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Environmental Science and Pollution Research

, Volume 26, Issue 26, pp 26733–26747 | Cite as

Comparison of heavy metal accumulation ability in rainwater by 10 sponge city plant species

  • Wenjie Ma
  • Bing ZhaoEmail author
  • Jie Ma
Research Article
  • 81 Downloads

Abstract

Rainwater heavy metal contamination is a growing problem worldwide, which damages the environment and human health. A primary challenge of sponge city designers is selecting suitable plants capable of surviving the toxic metals present in city rainwater. The concept of a sponge city to tackle urban surface-rainwater flooding and related urban rainwater management issues was established by People’s Republic of China in 2014. Therefore, we studied the ability of sponge city plants to accumulate heavy metals from rainwater. Ophiopogon japonicus (Linn. f.) Ker-Gawl., Carex heterostachya Bge., Cornus officinalis Sieb. et Zucc., Sedum spectabile Boreau., Typha orientalis Presl., Lythrum salicaria L., Fatsia japonica (Thunb.) Decne. et Planch., Ilex chinensis Sims., Rosa chinensis Jacq., and Buxus bodinieri Levl. were selected as test plants, and their ability to accumulate four heavy metals (lead [Pb], cadmium [Cd], copper [Cu], and zinc [Zn]) was compared. Growth response and heavy metal accumulation across different species were compared over a 28-day enrichment cycle. The results showed that (1) Plant growth responses to heavy metals were significantly different. The most tolerant to heavy metals was Lythrum salicaria and the least tolerant was Rosa chinensis. (2) Concentrations of the heavy metals differed among sponge city plant species. In general, the concentration of Zn was highest, followed by Cu, Cd, and Pb. (3) The accumulation content of the same metal in different test species was related to the bioconcentration factor of the metal and the plant biomass. At the end of the enrichment cycle, Ophiopogon japonicus had the largest accumulation content for Pb, Cu, and Zn, and Lythrum salicaria had the highest accumulation content for Cd. (4) Considering the growth responses of plants and their final accumulation of heavy metals after the enrichment cycle, we concluded that Lythrum salicaria, Typha orientalis, and Ophiopogon japonicus are suitable for use in sponge cities to restore heavy metal-contaminated rainwater.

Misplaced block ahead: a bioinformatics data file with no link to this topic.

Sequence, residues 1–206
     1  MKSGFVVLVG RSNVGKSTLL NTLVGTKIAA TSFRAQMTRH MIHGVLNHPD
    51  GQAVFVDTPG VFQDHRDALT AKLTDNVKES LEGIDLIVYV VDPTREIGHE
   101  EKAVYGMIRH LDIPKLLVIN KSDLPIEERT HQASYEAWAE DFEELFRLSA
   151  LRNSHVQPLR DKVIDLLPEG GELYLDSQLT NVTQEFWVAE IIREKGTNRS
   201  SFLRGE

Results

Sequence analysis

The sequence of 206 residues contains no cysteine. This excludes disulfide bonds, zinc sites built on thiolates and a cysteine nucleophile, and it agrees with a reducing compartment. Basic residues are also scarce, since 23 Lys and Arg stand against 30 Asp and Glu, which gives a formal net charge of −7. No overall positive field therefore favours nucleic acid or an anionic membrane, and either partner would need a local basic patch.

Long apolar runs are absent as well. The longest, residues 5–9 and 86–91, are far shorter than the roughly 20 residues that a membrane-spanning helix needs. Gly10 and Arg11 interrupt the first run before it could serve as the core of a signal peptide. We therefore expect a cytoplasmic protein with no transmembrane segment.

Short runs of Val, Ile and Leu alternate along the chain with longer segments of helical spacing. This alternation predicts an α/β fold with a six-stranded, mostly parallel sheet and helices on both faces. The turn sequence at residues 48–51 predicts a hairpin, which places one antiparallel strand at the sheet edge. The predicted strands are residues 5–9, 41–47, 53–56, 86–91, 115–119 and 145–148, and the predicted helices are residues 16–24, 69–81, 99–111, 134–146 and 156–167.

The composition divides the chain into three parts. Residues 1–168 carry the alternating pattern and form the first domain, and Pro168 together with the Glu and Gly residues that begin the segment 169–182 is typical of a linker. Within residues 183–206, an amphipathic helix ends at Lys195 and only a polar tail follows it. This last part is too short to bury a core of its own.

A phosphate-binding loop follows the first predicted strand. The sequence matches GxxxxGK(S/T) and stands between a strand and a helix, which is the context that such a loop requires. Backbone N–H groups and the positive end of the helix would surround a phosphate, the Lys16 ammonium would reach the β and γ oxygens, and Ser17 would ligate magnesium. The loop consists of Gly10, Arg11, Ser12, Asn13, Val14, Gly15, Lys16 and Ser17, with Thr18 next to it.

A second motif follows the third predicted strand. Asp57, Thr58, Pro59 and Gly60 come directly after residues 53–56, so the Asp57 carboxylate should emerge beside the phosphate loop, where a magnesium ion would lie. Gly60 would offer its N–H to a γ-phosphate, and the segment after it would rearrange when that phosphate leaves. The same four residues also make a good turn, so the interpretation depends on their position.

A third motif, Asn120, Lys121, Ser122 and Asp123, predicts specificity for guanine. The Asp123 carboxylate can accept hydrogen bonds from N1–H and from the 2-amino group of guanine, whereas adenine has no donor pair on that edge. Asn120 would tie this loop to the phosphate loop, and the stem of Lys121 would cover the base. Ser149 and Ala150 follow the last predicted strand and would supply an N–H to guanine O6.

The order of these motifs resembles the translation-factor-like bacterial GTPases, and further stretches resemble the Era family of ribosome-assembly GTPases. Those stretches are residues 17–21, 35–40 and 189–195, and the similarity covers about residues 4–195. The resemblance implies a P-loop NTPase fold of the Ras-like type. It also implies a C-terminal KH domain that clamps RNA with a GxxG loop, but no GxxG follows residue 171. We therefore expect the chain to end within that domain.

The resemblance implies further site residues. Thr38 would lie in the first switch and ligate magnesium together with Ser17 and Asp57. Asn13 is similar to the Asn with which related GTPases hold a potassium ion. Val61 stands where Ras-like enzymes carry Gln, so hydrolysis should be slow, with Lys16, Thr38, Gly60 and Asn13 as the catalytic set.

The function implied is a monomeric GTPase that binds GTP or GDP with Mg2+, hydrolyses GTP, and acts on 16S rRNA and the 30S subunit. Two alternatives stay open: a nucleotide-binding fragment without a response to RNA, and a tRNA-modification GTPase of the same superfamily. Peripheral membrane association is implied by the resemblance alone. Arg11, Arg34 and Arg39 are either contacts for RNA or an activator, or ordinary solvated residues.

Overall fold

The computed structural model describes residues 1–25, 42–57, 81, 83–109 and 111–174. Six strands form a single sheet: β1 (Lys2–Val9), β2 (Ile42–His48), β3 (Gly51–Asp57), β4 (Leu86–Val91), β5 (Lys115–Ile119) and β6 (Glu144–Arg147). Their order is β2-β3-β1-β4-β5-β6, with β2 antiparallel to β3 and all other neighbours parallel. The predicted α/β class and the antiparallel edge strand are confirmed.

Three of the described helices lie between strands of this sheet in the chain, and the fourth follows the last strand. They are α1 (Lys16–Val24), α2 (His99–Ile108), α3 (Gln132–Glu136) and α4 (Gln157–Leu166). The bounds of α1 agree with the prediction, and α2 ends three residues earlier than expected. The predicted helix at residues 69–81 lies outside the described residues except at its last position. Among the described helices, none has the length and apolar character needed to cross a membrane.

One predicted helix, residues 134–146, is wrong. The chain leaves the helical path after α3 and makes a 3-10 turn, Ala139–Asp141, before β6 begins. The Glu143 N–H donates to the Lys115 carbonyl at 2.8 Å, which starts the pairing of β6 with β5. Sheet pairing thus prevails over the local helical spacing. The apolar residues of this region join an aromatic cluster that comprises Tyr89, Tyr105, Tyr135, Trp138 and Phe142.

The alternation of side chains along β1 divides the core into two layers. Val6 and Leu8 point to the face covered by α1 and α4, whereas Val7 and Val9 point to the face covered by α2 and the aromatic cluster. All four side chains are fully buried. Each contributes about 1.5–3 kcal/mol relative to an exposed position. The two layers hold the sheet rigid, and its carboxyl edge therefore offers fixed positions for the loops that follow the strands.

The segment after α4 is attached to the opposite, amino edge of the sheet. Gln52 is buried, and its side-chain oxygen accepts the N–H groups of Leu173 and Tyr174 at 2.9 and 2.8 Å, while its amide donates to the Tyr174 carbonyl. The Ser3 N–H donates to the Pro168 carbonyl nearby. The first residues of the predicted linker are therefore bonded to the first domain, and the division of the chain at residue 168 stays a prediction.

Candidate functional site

Keywords

Bioconcentration factor Enrichment characteristics Growth response Heavy metal contamination Phytoextraction Phytoremediation 

Notes

Funding information

This study was financed by the “Study on Application Technology of Soil Filling Medium in Sponge City Green Space in Xixian New Area (2017ZDXM-SF-083).”

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Copyright information

© Springer-Verlag GmbH Germany, part of Springer Nature 2019

Authors and Affiliations

  1. 1.College of Landscape Architecture and ArtsNorthwest A&F UniversityYanglingPeople’s Republic of China

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